So I was delighted to stumble upon The Meaning of Culture by John Cowper Powys, in which he devotes an entire chapter to “Culture and Poetry.” It is exciting to encounter a text that takes poetry seriously to begin with. As it turns out, Powys began his career as a poet, but is mostly known for other things. Wikipedia has this description:
Powys's first published works were poetry: Odes and Other Poems (1896), Poems (1899), collections which have "echoes […] of Tennyson, Arnold, Swinburne, among contemporaries, and of John Milton and Wordsworth and Keats".... In the summer of 1905 Powys composed "The Death of God" an epic poem "modelled on the blank verse of Milton, Keats, and Tennyson" that was published as Lucifer in 1956. There were three further volumes of poetry[.]
Swaths of his argument can be avoided with no loss; and I would not take even the excerpts I quote as gospel. But they are food for thought:
Poetry, considered as an art, is the expression of a certain aspect of life, which for the moment I must content myself by defining simply as the poetical element. The deliberate heightening of one’s life by the aid of this mysterious and fluctuating quality in things seems to be an inevitable impulse in the mentality of any nature worthy of the title “cultured.” But what precisely is this quality? What is this floating element in life that the human race by an overtone of universal agreement has come to name the poetical? We can at least narrow down its field by indicating what it is not. It is not the ideal. It is not the beautiful. It is not the artistic. It is not the noble. It is not the moral. So much at least we can say. But, approaching the thing itself more closely, can we not, by means of concrete examples, arrive at some notion of what constitutes its essence?
To realize this difference between beauty and poetry one need only visualize for a moment the illuminated body of some swiftly moving aeroplane, an aeroplane engaged in advertising, let us suppose, some toilet-necessity or some new brand of cigarettes, upon a city sky. Such a spectacle might easily be conceived as a genuine revelation, in the spheres of form and colour, of beauty considered as a non-human absolute. But with that peculiar quality in things I am trying to indicate as belonging to the essence of poetry such a spectacle would have nothing to do. In fact it would exercise a destructive influence upon the natural poetry of the particular night or twilight when such an occurrence took place.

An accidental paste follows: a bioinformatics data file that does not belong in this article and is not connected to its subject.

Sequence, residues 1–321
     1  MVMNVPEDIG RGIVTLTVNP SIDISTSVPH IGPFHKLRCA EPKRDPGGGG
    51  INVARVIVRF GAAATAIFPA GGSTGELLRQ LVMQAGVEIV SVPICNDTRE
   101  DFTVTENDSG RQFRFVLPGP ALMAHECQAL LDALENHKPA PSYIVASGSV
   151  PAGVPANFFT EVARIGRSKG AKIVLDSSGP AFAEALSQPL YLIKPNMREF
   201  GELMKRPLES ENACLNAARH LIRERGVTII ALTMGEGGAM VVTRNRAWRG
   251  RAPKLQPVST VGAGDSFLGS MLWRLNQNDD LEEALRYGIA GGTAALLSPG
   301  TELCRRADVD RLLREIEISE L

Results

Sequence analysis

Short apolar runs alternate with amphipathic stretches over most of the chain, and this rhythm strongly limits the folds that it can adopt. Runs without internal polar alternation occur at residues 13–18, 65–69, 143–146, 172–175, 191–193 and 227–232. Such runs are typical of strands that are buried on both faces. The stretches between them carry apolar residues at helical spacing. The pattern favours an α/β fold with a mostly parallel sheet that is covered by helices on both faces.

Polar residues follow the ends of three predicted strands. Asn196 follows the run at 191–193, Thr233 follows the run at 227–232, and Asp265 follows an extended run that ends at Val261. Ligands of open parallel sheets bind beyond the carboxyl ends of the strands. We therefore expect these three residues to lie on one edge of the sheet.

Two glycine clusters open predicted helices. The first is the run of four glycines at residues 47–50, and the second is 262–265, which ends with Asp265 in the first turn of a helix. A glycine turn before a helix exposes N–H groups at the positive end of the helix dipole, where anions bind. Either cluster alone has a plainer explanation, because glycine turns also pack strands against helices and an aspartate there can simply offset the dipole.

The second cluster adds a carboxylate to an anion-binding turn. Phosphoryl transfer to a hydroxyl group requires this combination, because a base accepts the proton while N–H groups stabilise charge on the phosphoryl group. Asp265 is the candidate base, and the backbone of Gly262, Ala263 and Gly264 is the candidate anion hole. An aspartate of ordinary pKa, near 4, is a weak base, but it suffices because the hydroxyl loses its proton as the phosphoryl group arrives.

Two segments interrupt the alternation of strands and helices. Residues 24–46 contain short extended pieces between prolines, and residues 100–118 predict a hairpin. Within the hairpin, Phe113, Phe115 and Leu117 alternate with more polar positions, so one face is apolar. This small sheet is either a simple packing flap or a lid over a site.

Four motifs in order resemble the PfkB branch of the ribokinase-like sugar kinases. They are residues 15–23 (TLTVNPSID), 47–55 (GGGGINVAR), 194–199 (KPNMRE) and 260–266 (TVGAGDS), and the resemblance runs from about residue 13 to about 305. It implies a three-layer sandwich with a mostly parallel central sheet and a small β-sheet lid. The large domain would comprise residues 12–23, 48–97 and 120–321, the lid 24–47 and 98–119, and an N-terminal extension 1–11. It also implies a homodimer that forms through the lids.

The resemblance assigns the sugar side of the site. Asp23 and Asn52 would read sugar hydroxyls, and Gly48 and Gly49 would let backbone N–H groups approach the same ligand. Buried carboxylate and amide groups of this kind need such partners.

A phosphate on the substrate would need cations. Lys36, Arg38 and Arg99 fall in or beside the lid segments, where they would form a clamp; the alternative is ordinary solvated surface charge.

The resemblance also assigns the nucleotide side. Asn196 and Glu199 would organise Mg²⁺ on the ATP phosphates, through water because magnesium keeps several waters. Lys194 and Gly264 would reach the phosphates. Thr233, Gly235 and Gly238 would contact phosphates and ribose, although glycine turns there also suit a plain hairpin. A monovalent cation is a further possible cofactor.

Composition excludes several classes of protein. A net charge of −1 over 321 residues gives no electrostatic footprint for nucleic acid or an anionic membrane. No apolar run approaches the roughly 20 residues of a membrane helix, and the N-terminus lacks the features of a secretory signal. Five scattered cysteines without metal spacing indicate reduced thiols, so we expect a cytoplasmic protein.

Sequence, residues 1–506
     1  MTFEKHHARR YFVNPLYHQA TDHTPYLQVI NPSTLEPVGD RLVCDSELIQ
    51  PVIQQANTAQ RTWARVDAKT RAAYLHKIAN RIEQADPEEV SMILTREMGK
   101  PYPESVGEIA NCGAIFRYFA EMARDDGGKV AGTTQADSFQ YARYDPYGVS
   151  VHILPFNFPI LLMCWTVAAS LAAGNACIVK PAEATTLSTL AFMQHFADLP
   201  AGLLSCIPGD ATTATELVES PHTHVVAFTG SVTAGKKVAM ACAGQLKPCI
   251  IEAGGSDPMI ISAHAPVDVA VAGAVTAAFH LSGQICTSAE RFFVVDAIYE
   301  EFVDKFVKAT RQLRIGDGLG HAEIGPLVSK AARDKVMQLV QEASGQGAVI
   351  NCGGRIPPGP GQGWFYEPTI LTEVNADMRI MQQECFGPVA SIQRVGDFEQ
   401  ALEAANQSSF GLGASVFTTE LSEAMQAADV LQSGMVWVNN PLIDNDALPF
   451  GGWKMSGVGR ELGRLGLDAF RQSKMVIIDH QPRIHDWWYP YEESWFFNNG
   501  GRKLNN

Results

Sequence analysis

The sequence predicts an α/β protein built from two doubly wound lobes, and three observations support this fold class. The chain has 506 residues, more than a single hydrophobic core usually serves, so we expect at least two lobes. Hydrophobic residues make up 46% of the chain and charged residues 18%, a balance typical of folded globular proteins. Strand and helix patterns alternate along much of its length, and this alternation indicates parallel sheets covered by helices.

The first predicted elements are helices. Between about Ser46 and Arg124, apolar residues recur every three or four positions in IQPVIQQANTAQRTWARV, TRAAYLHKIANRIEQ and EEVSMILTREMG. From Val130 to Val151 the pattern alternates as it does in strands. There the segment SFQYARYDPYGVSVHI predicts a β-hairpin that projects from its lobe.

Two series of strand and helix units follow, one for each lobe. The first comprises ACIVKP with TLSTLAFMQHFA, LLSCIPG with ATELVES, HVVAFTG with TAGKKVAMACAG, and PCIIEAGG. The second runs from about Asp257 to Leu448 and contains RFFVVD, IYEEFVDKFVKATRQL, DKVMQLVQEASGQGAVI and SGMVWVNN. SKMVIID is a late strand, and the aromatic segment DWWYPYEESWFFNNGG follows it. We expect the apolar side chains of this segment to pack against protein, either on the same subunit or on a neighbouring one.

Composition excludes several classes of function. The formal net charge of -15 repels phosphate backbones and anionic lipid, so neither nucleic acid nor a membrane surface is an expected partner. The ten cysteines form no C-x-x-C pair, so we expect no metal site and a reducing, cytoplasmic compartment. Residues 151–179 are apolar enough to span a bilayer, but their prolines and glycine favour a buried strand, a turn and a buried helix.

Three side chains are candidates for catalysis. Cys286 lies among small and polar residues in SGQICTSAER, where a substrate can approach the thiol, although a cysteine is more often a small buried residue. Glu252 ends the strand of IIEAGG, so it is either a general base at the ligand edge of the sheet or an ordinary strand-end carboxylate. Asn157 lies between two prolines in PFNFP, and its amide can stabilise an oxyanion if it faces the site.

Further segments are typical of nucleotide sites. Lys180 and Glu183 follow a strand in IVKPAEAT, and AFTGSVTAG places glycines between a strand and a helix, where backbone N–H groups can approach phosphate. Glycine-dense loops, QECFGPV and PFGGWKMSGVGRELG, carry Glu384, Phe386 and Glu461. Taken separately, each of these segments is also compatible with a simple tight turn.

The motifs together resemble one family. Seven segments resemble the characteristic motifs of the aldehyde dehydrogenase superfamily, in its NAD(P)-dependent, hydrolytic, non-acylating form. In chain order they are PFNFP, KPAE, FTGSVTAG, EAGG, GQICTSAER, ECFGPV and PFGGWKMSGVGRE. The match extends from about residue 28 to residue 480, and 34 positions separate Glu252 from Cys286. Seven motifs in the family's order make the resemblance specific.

The chosen material both of modern mechanics and of modern aesthetics is bound to appear to the spirit of poetry as something alien and troubling; a discord, a menace. The reason for this is to be found in the fact that any manifestation of beauty may be completely unsympathetic to traditional emotion, feeling, sentiment; whereas it is of the very essence of poetry to remain saturated with all the historic human reactions, with every sort of old-world sentiment. Poetry is in fact a thing so totally different, in both its substance and its entelechy, from beauty that the two revelations appeal to different types of mind. We must remember that an object can be beautiful without being in the least poetical; just as it can be poetical without being in the least beautiful. Poetry is composed of a certain traditional body of feelings about life; a body which has gathered by slow adhesions into a presence of values, nuances, discriminations to which must conform what every nation and every age may add as an indigenous quota of its own.